A new train full of greenhorns is formed in St. Louis. Samuel Evans and Humphrey Pumphret are typical examples. Although Major Adams gives explicit details on what supplies to take, as usual the greenhorns don't listen and the merchants take advantage of them. Samuel is a dedicated bachelor traveling with his aunt but Humpphrey's daughter Melanie catches his eye. The members of the train go by riverboat to St. Joseph where they learn how to handle their wagons and break in their new horses. The men have to quickly learn how to handle problems they encounter. The relationship between Samuel and Melanie takes a turn when it appears Melanie contracts cholera and Samuel decides to stay with her. As Adams knows will happen, the greenhorns develop into people able to handle the roadblocks in front of them on their way west. Written by
The reference by Samuel T. Evans (Mickey Rooney) to the Boer War seems premature since the first Boer War wasn't fought till 1880 -- several years after the time of this particular wagon train. See more »
Samuel T. Evans:
Aunt Em, I never realized the human body had two hundred bones until today when I cracked every one of 'em.
Did you pick any names for the horses, Sam?
Samuel T. Evans:
Yeah, I sure did. But none a lady can use.
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When you see the settlers on Wagon Train taking their families west, did it occur to you that they had to learn about driving a team, circling the wagons, how much and what provisions to take, etc? The Greenhorn Story which stars Mickey Rooney tells of Ward Bond and the rest of the Wagon Train crew had to go through in training the greenhorns with Rooney as the archetype.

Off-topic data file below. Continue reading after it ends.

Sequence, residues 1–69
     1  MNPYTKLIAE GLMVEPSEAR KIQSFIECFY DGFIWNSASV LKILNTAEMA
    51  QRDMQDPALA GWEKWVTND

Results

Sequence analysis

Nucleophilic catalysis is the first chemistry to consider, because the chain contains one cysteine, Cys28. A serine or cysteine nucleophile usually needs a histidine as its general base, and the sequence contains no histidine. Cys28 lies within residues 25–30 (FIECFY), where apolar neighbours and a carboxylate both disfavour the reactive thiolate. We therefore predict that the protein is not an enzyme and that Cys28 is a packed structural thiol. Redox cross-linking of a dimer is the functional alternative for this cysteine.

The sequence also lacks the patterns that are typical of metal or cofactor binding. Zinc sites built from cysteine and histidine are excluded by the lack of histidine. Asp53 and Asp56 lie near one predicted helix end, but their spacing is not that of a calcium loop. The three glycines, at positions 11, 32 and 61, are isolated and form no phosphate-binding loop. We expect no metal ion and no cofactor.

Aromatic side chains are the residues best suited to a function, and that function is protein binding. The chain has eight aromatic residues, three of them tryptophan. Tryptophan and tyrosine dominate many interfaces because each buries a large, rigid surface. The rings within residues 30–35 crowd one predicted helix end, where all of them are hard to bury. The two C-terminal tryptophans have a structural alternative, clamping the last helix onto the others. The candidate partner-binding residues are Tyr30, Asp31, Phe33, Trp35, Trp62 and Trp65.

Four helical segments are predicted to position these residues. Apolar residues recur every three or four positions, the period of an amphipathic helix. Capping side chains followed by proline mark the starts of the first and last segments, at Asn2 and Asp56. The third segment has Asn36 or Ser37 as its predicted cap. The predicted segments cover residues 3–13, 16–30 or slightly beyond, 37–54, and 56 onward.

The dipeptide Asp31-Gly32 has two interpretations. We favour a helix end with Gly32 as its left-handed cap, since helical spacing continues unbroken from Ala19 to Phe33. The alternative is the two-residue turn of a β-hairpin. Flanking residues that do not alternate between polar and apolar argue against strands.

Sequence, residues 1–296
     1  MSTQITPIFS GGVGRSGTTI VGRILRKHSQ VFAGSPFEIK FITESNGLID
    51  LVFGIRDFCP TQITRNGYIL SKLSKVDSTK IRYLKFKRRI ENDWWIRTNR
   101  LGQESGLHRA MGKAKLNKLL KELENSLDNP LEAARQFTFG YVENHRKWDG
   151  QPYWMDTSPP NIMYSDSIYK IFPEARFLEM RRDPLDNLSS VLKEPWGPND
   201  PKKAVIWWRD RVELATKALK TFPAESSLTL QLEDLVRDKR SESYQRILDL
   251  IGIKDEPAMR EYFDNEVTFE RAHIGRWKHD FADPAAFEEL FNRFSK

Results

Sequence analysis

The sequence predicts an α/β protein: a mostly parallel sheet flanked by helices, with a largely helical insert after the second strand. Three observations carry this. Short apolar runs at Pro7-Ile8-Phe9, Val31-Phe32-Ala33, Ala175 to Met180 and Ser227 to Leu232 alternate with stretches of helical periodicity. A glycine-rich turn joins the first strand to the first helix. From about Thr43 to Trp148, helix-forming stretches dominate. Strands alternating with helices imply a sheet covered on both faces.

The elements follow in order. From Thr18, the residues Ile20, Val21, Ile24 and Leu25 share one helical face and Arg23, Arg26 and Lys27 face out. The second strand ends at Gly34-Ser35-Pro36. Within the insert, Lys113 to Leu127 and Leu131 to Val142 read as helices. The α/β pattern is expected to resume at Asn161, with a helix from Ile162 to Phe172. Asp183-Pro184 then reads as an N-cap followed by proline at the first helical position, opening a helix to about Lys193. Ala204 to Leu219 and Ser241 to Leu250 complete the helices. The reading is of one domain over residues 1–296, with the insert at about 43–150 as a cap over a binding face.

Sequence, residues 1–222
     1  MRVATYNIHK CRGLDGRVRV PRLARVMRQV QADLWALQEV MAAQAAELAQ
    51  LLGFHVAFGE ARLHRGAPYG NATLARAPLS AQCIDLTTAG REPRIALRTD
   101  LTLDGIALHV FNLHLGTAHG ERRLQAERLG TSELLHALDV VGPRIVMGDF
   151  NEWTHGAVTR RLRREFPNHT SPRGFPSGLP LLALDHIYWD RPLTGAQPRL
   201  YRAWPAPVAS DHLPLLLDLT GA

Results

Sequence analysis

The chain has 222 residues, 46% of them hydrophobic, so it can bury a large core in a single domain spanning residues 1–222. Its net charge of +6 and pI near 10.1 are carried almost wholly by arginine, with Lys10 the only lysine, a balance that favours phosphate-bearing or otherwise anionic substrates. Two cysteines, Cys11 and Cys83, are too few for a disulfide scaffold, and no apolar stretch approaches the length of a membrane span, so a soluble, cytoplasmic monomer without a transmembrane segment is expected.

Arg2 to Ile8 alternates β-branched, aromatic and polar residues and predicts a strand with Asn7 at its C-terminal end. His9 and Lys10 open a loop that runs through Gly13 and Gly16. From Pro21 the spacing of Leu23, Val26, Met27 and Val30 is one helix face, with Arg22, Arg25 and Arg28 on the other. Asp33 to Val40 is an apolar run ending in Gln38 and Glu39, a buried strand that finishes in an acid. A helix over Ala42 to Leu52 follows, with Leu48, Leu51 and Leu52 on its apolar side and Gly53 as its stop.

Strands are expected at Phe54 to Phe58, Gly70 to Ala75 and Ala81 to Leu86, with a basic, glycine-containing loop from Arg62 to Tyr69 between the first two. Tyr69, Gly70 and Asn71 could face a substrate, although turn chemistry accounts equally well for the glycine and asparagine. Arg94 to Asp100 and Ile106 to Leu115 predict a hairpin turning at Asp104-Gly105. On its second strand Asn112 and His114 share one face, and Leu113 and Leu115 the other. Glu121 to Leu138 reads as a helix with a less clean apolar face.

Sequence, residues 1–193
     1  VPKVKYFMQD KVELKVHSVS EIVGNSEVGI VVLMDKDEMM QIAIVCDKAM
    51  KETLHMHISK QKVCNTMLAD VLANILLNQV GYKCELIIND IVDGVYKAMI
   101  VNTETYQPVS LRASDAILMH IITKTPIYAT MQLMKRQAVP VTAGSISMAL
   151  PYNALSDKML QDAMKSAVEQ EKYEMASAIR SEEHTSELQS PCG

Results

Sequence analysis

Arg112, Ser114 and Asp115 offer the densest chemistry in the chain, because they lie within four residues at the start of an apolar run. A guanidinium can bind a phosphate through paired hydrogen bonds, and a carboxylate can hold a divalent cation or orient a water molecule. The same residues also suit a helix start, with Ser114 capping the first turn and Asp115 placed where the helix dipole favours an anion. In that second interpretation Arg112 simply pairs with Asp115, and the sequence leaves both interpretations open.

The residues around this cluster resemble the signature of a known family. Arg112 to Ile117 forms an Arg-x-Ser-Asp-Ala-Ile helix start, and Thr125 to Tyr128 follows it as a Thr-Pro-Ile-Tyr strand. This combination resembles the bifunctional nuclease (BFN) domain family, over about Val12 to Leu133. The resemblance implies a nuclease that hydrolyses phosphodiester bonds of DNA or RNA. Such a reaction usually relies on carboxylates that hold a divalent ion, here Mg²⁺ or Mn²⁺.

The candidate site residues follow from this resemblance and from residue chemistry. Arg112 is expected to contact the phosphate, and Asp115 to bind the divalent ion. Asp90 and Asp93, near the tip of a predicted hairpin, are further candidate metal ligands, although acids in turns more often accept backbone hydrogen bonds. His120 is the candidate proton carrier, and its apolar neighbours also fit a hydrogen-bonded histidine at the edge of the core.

The accent is on comedy in this episode as Rooney traveling west with his aunt Ellen Corby tries the patience of Ward Bond, Robert Horton, Terry Wilson, and Frank McGrath. Rooney among other things is bringing a printing press west because it's his intention to settle somewhere they need a newspaper. He's also got romance on his mind with Daria Massey, daughter of fellow greenhorn Byron Foulger. You've got to see how they manage to screw up circling the wagons during a practice drill.
Of course it all does work, it has to or the whole history of the country would have been different if clueless pilgrims didn't learn where to find the clues. But here it makes for one of the best of the Wagon Train episodes.
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